Friday, 13 February 2015

Ender's Game (2013)

I suppose I should start by saying that I have never read the book Ender's Game. In some ways I prefer this when going to see movies adapted from novels. That way I go into the theatre with very few expectations of the movie as an adaptation and just go in to see how it fairs as a movie. For example, when watching the now classic Lord of the Rings movies, I never really felt like there were pieces of the puzzle missing because I never read the novels. Many fans of the book were outraged that certain “crucial” scenes were missing, but what they were looking for was a movie tailored to them specifically rather than an adaptation that tells the story in a new medium with different parameters than a novel. Movies will never be able to capture every detail and nuance that can be explored in a novel, but it can still be a successful film with different details and nuances that serve the story well.

And if you're wondering what my comments are on the the whole controversy surrounding writer Orson Scott Card and his opinions... he has opinions and that's his right and they are of very little consequence to me and didn't affect my viewing of the movie in any way.

The film follows Ender (Asa Butterfield), a young boy competing in battle school as children are testing for their intelligence and problem solving in combat situations. The military are looking for young minds to lead their fleets against an alien race who attacked Earth years ago in an attempt to colonize it. Anticipating their next attack very soon, the Earth fleet find Ender, a genius with unprecedented battle strategies. So, they snatch him up and put him through test after test to determine if he will be the saviour of the human race.

I liked Ender's Game on a surface level, but the more I think about it, the less satisfied I am with the film. Even without having read the book, I still got the sense that the film couldn't take the weight of its ambition. It wasn't given the time to explore its concepts well enough, not at under two hours. It goes through all the motions, but doesn't carry the emotional weight or natural character progression that was needed for a movie with an implied psychological edge. For it to be effective we needed to really understand Ender's struggle, but we only get glimpses of it. There was mention of him needing to be an outcast, but I never really got the impression of isolation because the plot moved forward quickly and he made friends too fast. For this movie to achieve what it wanted to, it could have easily had another half hour added on and I don't think it would have suffered for it. I know it's supposed to be geared toward teens, but hey, they have attention spans too and if your movie is made well enough, they can sit through it.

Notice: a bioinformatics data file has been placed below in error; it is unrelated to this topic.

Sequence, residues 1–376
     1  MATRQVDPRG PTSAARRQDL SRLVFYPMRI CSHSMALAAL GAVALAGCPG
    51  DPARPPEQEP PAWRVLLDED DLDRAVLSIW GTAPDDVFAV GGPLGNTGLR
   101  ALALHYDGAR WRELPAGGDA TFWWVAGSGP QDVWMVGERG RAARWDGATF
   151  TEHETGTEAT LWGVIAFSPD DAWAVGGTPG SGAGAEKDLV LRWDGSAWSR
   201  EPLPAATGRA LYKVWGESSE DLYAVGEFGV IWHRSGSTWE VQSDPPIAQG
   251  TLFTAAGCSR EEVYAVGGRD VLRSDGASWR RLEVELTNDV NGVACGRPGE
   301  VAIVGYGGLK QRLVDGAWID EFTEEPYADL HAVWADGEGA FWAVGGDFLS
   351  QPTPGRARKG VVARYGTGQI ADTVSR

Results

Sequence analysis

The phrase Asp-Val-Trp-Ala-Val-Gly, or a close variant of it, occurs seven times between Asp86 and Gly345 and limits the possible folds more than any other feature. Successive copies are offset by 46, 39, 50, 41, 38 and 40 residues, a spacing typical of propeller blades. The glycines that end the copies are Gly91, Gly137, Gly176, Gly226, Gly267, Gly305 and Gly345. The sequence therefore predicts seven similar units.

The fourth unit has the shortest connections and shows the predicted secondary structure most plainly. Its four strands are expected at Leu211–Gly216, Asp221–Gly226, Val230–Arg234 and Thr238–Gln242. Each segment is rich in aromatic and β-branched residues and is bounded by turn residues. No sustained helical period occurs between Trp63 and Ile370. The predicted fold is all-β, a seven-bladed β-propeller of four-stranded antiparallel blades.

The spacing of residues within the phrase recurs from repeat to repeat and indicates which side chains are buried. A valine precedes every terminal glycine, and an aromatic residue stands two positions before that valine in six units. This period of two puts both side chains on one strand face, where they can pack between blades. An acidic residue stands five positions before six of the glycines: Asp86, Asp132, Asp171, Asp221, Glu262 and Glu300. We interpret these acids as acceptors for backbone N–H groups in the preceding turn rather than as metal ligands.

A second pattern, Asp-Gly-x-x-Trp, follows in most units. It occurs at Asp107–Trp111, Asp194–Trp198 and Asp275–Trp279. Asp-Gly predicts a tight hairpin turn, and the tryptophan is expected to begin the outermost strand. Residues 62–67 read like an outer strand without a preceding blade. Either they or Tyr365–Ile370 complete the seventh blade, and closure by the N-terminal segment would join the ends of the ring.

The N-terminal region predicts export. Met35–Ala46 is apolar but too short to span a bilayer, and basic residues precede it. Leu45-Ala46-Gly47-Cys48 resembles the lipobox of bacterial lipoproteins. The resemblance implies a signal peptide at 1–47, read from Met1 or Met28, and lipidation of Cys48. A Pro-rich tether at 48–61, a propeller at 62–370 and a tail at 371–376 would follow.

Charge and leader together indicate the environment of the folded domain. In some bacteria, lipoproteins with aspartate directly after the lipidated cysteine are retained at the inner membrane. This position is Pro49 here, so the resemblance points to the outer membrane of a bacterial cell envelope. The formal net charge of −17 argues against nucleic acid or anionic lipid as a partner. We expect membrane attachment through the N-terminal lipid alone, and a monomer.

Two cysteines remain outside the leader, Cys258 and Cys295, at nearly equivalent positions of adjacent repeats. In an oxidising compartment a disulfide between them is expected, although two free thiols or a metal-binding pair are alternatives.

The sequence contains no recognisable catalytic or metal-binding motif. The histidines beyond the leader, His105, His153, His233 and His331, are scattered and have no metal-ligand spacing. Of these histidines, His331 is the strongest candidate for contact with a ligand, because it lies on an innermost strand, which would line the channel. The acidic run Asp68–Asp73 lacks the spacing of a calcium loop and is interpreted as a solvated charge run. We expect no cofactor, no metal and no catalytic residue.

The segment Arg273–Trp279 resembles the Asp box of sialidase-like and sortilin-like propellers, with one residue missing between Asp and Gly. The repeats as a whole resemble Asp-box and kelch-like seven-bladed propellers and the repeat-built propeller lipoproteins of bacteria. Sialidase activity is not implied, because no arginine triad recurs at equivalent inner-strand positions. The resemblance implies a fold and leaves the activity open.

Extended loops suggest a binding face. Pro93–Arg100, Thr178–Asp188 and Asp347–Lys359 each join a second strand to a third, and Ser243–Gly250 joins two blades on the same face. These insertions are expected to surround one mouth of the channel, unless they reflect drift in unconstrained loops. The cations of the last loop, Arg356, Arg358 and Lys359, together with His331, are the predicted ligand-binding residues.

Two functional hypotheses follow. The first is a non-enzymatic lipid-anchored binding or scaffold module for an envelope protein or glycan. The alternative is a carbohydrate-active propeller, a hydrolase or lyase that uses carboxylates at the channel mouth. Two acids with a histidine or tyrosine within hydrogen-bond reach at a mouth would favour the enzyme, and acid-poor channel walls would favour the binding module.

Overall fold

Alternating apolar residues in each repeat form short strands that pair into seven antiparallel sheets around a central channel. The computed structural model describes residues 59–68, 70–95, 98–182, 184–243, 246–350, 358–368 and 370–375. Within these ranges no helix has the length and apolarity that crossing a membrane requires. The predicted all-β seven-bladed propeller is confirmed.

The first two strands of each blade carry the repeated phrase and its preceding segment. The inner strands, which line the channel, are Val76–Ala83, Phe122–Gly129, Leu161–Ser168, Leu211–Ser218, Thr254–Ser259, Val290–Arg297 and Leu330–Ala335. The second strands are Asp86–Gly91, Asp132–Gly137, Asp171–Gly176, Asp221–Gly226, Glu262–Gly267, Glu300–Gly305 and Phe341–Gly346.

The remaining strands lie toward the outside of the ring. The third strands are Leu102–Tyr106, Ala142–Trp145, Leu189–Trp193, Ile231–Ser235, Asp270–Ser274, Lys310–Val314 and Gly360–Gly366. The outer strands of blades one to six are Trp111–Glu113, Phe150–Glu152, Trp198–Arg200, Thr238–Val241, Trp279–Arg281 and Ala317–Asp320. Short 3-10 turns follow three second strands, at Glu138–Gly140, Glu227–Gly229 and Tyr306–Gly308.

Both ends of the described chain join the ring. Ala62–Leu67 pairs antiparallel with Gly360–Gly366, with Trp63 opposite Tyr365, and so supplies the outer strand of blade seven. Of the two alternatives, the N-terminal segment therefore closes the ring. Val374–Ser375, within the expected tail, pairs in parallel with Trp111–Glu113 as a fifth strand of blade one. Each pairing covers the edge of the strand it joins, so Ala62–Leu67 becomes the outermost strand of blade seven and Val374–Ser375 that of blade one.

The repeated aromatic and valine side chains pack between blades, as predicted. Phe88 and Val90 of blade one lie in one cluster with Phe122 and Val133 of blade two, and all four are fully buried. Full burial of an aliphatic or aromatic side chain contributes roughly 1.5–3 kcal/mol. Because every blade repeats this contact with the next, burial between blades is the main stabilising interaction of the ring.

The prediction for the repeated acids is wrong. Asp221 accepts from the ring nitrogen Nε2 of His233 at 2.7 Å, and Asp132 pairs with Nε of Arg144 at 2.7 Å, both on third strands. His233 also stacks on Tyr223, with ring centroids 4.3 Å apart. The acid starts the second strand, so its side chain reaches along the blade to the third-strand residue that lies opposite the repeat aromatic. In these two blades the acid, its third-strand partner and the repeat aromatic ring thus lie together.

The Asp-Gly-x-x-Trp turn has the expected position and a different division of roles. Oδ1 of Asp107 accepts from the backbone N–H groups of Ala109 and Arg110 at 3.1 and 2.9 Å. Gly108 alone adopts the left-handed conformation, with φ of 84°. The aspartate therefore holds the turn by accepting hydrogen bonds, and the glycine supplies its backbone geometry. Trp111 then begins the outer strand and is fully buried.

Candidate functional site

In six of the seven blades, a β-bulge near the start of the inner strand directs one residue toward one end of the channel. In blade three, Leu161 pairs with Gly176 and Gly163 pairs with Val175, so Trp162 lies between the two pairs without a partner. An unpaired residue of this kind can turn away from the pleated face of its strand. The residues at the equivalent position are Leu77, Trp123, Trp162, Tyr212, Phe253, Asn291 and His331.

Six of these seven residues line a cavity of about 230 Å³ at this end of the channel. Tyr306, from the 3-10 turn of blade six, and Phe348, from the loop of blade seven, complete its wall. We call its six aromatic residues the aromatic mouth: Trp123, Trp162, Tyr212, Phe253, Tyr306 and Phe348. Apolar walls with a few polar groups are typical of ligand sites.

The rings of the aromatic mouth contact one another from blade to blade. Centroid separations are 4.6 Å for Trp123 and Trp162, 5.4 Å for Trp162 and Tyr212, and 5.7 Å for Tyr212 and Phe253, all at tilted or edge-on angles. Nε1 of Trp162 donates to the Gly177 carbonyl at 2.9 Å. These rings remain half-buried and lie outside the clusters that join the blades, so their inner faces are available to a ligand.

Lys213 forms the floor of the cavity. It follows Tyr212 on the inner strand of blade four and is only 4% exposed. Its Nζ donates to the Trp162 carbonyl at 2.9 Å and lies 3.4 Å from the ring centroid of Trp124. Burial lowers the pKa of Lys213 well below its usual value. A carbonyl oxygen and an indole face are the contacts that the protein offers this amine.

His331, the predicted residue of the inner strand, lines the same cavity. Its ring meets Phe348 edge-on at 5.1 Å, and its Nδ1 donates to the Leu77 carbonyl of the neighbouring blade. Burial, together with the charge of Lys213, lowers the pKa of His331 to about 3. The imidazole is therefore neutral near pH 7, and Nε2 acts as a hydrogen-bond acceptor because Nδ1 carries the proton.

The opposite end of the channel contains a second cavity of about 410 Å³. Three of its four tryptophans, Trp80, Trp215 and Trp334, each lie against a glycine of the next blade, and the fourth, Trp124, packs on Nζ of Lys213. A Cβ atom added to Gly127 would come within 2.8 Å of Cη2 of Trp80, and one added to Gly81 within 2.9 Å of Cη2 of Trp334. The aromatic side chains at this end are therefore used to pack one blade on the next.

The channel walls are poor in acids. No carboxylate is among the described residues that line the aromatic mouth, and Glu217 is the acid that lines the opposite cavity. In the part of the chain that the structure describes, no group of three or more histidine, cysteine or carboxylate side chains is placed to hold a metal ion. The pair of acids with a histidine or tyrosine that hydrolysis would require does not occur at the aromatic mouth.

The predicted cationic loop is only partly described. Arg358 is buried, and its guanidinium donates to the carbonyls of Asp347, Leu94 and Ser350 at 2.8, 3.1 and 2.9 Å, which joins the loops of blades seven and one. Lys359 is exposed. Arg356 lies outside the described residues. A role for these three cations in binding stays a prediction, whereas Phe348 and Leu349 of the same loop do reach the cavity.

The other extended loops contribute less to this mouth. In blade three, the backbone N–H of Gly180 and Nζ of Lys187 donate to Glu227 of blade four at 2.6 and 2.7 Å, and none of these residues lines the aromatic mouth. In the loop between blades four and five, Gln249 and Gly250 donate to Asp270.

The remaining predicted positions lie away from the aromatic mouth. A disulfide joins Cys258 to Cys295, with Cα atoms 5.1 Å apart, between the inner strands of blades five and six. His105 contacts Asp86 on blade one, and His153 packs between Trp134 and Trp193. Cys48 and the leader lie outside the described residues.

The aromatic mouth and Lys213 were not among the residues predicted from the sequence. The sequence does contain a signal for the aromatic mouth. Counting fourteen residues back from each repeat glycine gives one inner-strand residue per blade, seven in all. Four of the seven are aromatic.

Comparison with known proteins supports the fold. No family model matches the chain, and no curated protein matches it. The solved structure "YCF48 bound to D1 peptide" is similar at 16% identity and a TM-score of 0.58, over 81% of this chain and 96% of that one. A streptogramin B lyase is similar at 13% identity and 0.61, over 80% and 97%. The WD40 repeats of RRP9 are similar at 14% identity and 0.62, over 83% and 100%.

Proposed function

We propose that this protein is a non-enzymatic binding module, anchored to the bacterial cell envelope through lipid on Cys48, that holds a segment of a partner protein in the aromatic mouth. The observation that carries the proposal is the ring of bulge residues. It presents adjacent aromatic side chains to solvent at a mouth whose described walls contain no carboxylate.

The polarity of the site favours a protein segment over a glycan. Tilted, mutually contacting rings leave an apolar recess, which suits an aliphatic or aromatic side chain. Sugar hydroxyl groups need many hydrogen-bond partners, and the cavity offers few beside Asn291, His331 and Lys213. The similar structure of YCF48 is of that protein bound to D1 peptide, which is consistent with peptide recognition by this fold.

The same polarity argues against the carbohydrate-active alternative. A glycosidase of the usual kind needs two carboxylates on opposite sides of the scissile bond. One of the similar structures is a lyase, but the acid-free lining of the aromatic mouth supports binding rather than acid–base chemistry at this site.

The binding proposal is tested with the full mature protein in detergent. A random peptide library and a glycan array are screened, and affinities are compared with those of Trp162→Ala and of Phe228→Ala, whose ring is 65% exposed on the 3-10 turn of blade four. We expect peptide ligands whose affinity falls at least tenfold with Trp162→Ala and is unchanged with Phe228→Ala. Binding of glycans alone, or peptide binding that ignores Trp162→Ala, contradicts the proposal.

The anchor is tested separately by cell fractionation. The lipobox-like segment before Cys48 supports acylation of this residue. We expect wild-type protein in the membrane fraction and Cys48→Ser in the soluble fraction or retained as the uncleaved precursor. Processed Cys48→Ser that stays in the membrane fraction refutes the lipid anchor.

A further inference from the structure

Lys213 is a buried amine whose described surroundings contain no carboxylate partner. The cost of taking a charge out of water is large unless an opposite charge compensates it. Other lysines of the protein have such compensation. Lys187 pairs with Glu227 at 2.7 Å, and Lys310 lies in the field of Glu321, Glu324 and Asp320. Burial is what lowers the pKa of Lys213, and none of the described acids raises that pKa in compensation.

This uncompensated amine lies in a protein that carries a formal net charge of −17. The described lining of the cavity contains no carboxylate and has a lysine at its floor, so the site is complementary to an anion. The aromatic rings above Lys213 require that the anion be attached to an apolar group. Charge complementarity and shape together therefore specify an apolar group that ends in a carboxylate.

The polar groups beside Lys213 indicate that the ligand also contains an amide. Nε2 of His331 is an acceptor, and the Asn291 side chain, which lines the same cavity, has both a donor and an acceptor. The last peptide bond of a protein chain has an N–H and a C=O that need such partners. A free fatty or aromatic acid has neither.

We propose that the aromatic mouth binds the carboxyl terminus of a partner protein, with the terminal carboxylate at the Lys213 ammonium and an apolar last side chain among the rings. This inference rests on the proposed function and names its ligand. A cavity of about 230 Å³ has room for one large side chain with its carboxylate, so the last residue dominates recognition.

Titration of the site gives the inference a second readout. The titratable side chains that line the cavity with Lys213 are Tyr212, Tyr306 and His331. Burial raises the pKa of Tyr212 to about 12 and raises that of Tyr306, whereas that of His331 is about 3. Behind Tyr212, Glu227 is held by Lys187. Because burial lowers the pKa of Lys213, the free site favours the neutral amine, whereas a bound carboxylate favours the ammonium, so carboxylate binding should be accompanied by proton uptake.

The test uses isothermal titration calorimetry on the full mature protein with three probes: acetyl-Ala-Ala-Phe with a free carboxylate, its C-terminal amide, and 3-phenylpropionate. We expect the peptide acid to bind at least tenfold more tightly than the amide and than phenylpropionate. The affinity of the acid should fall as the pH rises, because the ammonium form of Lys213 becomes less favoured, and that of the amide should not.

The cast is pretty impressive bringing in the likes of Harrison Ford, Viola Davis and Ben Kingsley as well as talented young actors like Abigail Breslin and Hailee Steinfeld who were both young Oscars nominees. Asa Butterfield is also a notable talent, or at least I thought so from his performance in Hugo, but here many of the kid actors don't speak their lines naturally. It feels strained. I don't know if that's due to the writing or directing, but it seemed to me that they didn't know what to do with their dialogue. The ones who seemed to have their parts down were Harrison Ford, who does what Ford does, and Ben Kingsley because... I don't know why. He just worked for me. As ridiculous as some of his film choices have been over the years, Kingsley does bring an intensity and professionalism to the screen. He brings it all to his b-grade roles when many other actors would call them in.

I expect that teens and families will enjoy this movie. It's very shiny. The special effects are amazing; it was partially funded by the effects studio Digital Domain so their stakes were high in making he movie look good. They succeeded. And Ender's Game does benefit from having an interesting story at its disposal. These strengths make for good world building and that's something that science fiction thrives off of. It is unlikely that Blade Runner, Star Wars or The Matrix would be the classics they are today if they didn't create their worlds so clearly and fluently. This film isn't quite on the same level as those visually, but the effort put into creating the technology in the film is apparent.

But again, it all comes down to script and pacing. The visuals can only enhance the story telling experience, but if that foundation is weak, special effects are never good enough to fall back on. These characters aren't that well rounded and the story doesn't take time to breathe. Star Wars was pop cinema, but it still gave time to let Luke gaze at the double sun set. There is enough weight in this film's events that it doesn't feel shallow. The first impression is good so many will leave the theatre reasonably satisfied. It's only when you think about the potential of the story and the ramifications of the events within, that you see that Ender's Game is not the future classic it could or should be.

3 Stars

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